Opinion: United’s deficiencies laid bare on the big stage

So, that would be that, then.

Ballymena United defender Stephen McBride at the final whistle after Saturday's Irish Cup semi-final defeat by Portadown. Picture: Press Eye.

A season which started with such promise for Ballymena United is flickering in its dying embers after Saturday’s Irish Cup semi-final defeat by Portadown.

Scarcely in his worst nightmares could Glenn Ferguson have envisaged the nightmare that was the opening half hour at the Oval, as a bumper Ballymena support watched ashen-faced as hopes of another Irish Cup final were ripped from them.

It was the sort of result and performance that a lot of people hoped wouldn’t happen but secretly feared that it might.

A lot of people in sport will tell you that losing in a semi-final is worse than losing in a final, simply because you miss out on all the build-up and excitement associated with it.

To lose a semi-final within the opening half-hour takes that to a whole new level.

The disappointment of missing out on an occasion which brought such life and vigour to the club this time last year in such a feeble manner is something that will hit hard, much harder than if the vast majority of the same group of players hadn’t experienced it last year.

From the moment that Paddy Mcnally’s fourth minute clearance cannoned off the chest off Mark McAllister, straight to the striker’s feet, there was an awful sense of foreboding about what lay in store.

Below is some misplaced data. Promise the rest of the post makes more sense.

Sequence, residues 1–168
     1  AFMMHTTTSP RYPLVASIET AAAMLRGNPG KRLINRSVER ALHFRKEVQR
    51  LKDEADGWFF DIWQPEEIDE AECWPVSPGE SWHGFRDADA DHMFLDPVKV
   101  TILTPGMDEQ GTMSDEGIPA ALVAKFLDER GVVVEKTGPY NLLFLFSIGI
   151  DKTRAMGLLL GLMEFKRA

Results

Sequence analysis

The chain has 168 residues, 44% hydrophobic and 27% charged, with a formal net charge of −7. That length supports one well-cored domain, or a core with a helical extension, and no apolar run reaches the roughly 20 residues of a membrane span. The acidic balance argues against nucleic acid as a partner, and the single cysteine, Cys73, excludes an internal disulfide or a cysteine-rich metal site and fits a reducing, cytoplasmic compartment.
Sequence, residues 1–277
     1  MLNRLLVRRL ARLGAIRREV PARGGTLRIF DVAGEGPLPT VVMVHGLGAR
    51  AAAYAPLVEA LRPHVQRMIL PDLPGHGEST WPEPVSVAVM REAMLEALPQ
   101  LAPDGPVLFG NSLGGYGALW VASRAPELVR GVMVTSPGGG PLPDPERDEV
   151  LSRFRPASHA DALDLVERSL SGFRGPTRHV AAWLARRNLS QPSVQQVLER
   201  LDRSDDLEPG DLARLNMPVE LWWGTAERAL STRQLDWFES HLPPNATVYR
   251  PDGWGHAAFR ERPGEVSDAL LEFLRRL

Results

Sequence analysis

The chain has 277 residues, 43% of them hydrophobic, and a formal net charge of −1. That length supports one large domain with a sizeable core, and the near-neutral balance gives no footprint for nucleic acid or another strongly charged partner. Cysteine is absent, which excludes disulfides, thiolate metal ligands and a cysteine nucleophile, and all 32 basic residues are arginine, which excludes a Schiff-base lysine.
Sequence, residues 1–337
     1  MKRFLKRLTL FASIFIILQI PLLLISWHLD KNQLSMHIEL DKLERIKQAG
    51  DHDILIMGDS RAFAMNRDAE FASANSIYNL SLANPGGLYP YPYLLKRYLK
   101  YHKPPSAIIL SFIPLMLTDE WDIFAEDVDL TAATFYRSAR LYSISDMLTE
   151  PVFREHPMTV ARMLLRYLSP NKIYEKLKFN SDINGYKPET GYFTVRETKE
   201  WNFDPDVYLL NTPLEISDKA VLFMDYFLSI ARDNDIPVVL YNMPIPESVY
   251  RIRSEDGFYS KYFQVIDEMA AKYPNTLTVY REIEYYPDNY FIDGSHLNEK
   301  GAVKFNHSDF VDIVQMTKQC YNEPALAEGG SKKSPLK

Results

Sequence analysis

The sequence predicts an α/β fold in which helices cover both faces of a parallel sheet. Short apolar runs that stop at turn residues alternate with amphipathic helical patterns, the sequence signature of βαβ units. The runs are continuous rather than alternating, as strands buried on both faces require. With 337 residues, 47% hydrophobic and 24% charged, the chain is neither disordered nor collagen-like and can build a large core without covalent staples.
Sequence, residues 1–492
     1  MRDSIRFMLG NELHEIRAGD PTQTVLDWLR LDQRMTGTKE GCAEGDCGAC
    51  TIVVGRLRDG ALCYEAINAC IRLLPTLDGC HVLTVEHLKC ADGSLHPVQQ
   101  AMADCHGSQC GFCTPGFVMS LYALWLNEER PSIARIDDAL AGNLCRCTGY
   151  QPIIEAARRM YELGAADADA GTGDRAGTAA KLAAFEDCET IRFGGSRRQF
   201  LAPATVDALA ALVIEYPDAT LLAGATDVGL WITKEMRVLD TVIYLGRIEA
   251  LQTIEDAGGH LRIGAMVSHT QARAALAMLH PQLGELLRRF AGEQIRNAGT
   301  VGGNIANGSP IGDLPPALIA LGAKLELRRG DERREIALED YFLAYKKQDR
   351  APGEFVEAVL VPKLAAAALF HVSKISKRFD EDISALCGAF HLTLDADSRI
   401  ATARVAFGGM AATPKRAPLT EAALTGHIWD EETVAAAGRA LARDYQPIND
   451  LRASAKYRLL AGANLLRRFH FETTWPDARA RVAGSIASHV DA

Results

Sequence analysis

I’ve said it before this season, that you can tell within the first 15 minutes of a match whether Ballymena are going to be at the races or not.

The space that Michael Gault had to get not one, but two shots away for the second goal was all too familiar, while Peter McMahon’s burst from midfield to score from a seemingly fairly innocuous situation highlighted United’s glaring lack of pace.

After 27 minutes it was all over bar the shouting - and it came about 30 seconds later.

United at least made a fist of it in the second half but dominating possession against a team content to sit on a three goal cushion didn’t fool Ferguson and it won’t have fooled many other people either.

Perhaps a greater concern at this stage is the apparent loss of faith in Ferguson by a section of the United support.

McMahon’s classy third goal for the Ports was greeted by the sight of sizeable number of Ballymena fans heading for the exit, accompanied by a chorus of ‘Fergie, time to go’.

Ferguson is a determined enough character to attempt to tun it around but there is no doubt that this will be the biggest summer of his three-and-a-half years in charge.

While previous summers have been pretty much ‘tumbleweed’ material, with minimal ins and out, Ferguson has tended to do much of his transfer activity in January.

Not this time. It won’t be a case of tweaking the squad here and there - it is root and branch overhauling in many areas that will be required in a busy off-season.

* Follow Ballymena Times Sports Editor on Twitter (@Stephen_Bmena)